Don’t be fooled by the crappy DVD box art to the right. Spider-Man is spelled with a dash. Oh, also, Bruce Campbell’s in this slasher flick for about five minutes at the end and Sam Raimi did not direct the movie, but plays a worker in the grocery store besieged by a slasher. Intruder is actually directed by Raimi’s friend and Evil Dead Fake Shemp Scott Spiegel. I haven’t done any research on the movie aside from reading the IMDb Trivia page, but I got the feeling that Raimi and Campbell were helping a friend make his first movie.

And it’s a mostly successful, though sometimes goofy, effort, but what more would you expect from a late-80s slasher? The movie is set in a grocery store, so it’s kind of like a longer version of that scene from My Bloody Valentine 3D (and I assume the original, but it’s been way too long since I’ve seen it to remember for sure). The presumed killer is one of the two girls’ ex boyfriend who just got out of prison. The staff is in the store late this night because they’re repricing everything as the store is being sold. I’m not actually sure how those two things go together, but it’s possible I missed one of the finer details.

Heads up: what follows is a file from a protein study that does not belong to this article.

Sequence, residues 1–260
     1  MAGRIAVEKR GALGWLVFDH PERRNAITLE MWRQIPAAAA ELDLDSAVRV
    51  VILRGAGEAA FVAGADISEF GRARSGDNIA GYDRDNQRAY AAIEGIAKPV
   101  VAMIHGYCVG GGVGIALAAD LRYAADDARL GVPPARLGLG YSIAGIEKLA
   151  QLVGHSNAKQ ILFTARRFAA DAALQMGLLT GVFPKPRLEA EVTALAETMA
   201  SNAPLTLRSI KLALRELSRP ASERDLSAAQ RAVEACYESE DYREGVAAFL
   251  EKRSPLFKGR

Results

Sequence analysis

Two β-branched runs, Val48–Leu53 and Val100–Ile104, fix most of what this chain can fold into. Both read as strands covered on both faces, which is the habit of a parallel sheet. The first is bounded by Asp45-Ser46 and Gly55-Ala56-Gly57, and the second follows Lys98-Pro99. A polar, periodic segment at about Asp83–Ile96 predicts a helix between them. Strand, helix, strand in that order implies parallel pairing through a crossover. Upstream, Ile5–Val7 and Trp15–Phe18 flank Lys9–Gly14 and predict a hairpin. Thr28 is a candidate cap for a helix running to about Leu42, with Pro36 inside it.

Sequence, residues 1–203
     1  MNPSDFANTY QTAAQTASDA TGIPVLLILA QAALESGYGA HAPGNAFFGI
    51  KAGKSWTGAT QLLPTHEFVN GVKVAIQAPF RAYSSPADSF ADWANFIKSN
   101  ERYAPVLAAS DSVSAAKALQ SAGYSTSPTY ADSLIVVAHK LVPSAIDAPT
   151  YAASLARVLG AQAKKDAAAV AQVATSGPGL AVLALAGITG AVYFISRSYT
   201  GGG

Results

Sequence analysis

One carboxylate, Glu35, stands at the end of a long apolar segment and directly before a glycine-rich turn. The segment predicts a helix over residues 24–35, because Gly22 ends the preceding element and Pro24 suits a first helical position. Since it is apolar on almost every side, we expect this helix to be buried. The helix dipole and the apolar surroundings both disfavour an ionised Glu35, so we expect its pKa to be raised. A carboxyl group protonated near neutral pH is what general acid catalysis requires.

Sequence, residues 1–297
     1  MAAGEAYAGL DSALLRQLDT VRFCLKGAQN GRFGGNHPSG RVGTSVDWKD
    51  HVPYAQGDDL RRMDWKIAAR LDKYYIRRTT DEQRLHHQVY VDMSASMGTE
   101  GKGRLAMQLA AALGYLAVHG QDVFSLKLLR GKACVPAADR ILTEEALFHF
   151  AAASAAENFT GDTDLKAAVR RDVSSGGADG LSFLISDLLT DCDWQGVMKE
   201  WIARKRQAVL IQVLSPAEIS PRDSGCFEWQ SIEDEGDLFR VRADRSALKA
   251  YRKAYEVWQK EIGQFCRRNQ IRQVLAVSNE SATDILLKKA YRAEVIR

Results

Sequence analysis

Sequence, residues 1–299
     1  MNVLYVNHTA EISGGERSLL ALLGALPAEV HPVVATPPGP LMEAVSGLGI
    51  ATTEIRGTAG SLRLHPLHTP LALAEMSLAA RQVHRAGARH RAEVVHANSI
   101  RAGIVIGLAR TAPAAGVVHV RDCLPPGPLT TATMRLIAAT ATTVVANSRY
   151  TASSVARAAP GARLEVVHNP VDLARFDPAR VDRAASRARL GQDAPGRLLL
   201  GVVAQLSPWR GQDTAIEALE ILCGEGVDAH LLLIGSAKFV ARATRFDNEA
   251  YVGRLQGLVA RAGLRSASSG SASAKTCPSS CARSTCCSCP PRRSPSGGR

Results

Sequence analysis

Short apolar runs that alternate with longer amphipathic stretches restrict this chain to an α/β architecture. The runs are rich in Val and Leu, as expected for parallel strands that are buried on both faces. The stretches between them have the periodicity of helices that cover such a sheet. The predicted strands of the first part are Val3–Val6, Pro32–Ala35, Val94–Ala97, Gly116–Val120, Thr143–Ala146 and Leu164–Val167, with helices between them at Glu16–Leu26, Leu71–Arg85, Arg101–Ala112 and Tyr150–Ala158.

Anyway, it’s fun seeing Sam Raimi act and his brother playing the clueless stock boy/fruit chopper, but they’re joined by some good fellow actors and a pair of actresses you might recognize from Night Of The Creeps and Sleepaway Camp 2. I’m not great at recognizing actors, but I knew those two ladies looked familiar.

Without getting into spoilers, there’s a twist ending that I didn’t see coming, but possibly because I wasn’t paying that much attention. After that there’s a really interesting end that I’m surprised more horror movies haven’t tried to pull off. All in all, Intruder was a good effort packed with familiar faces, some okay kills and an environment you don’t see a lot in horror flicks. Not a lost classic, but fun enough to watch.

Halloween Scene: Drag Me To Hell (2009)